UNIDO Collaboration to Drive Decarbonization of Steel & Cement
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UNIDO Collaboration to Drive Decarbonization of Steel & Cement

A coalition of governments and organizations, led by the United Kingdom and India, launched the new Clean Energy Ministerial’s Industrial Deep

A coalition of governments and organizations, led by the United Kingdom and India, launched the new Clean Energy Ministerial’s Industrial Deep Decarbonization Initiative in Vienna. Coordinated by the United Nations Industrial Development Organization, this ground-breaking effort aims to create market demand for low-carbon industrial materials, especially more sustainable steel and cement. With steel and cement among the most carbon-intensive commodities on the planet today, over the next three years, the coalition wants at least 10 countries to commit to purchasing low-carbon versions of these essential materials. UNIDO Director-General LI Yong said "Through this initiative, UNIDO will work with governments worldwide to agree on a global 2050 vision for the decarbonization of the steel and cement industries with ambitious targets informed by collective stakeholder inputs.”

India's Secretary of Power Mr Alok Kumar said “India’s commitment to cut emissions intensity per unit of GDP by 33 to 35% by 2030 significantly hinges on effective deployment of low-carbon technologies in energy intensive sectors like iron and steel, cement and petrochemicals. With the ongoing programmes, India has considerably improved specific energy consumption of steel and cement industries. Now the next stage will be to focus on reducing the emission intensities from these sectors. We are therefore thrilled to co-lead this initiative at the CEM and look forward to collaborating with other governments and international partners.”

In addition to the UK and India, other members of the coalition include Germany, Canada and the United Arab Emirates, with more countries expected to join soon. The initiative also brings together a strong group of related programmes and organizations, including the Mission Possible Platform, the Leadership Group for the Industry Transition LeadIT, the International Renewable Energy Agency and the World Bank, to tackle one of the next frontiers in the race against climate change.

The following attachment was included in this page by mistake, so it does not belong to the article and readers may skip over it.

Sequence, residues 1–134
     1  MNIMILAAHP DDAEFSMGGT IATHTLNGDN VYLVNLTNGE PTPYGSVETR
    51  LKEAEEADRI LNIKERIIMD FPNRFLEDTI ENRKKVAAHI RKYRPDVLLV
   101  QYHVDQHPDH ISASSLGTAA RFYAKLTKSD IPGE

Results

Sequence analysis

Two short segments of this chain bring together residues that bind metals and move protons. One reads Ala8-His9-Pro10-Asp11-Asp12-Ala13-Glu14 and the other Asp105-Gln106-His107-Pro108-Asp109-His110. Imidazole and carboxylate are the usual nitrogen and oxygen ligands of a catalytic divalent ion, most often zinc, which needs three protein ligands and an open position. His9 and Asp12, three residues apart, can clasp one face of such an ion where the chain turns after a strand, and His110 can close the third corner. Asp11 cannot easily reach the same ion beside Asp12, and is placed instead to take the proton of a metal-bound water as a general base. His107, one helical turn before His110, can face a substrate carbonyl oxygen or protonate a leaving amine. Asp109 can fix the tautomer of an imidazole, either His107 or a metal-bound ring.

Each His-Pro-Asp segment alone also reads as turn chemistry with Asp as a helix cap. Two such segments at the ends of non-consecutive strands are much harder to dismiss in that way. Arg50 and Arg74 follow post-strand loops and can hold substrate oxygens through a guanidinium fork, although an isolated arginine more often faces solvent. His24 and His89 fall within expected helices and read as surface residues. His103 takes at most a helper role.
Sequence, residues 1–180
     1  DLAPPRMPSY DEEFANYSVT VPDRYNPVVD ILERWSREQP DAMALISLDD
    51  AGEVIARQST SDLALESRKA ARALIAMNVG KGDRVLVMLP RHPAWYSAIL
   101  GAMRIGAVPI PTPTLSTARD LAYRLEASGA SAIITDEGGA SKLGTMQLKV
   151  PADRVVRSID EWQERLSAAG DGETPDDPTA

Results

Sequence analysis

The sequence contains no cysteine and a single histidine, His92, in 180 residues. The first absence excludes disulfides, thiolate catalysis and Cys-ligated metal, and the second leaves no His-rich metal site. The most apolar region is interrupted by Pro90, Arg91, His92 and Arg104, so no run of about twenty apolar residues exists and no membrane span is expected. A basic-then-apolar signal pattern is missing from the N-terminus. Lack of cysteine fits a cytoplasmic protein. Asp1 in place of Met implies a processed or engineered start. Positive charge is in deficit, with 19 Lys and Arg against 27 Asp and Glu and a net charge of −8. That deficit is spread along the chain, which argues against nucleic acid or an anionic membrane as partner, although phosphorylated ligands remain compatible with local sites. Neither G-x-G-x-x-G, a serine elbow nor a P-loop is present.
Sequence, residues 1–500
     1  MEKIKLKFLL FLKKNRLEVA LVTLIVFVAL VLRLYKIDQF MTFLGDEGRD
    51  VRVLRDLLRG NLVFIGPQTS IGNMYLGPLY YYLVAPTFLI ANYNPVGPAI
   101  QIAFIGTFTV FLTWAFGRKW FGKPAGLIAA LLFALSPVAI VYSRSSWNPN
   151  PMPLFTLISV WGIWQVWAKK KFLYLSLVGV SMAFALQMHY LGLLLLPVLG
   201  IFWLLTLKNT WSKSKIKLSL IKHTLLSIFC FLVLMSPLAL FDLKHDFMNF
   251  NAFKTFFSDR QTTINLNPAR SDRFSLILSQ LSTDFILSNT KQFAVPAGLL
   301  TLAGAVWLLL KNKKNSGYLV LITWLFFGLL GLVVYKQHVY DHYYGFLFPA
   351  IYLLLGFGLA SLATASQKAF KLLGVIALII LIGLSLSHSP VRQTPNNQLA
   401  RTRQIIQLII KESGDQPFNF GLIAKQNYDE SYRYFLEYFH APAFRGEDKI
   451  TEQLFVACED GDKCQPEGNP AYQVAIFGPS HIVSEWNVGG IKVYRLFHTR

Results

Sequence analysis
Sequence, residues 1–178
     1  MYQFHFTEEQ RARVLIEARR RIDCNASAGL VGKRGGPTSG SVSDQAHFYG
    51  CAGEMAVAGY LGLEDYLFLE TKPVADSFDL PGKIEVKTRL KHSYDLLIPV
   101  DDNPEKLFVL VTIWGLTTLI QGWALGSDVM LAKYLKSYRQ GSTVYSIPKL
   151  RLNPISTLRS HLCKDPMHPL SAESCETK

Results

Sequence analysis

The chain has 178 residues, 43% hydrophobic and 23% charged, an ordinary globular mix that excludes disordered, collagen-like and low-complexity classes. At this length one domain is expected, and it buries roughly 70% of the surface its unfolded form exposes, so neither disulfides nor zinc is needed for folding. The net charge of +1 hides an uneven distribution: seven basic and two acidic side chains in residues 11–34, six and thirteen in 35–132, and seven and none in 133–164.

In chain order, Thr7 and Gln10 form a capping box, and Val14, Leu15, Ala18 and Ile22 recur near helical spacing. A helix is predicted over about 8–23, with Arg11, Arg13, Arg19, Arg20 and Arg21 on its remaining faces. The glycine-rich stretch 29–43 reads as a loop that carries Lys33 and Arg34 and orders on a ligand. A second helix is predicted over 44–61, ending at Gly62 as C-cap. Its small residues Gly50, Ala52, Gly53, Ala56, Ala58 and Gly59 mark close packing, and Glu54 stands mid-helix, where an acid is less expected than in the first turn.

Within the next three years, the IDDI expects to have encouraged a minimum of 10 national governments, and a number of municipalities, to make public procurement commitments for low-carbon steel and cement. The first of a series of government commitments for the procurement of low-carbon steel and cement are expected to be announced at the upcoming global climate talks, hosted by the UK in Glasgow later this year.

To date, steel and cement, which each represent around 7-8 per cent of energy-related emissions globally, have remained out of reach in the pursuit to mitigate carbon emissions. The need for continuous, high-temperature heat to produce these construction products requires large amounts of energy, a lot of which is still dependent on fossil fuels. While there is still a way to go before clearly defined low-carbon steel and cement is available in the market at scale, green public procurement commitments are essential in signalling that demand exists. For example, public procurement accounts for 46% of cement consumption in the United States of America, making it a colossal purchasing power in creating a market for lower emission materials. The same can be said for nations in the European Union and for many emerging industrial economies.

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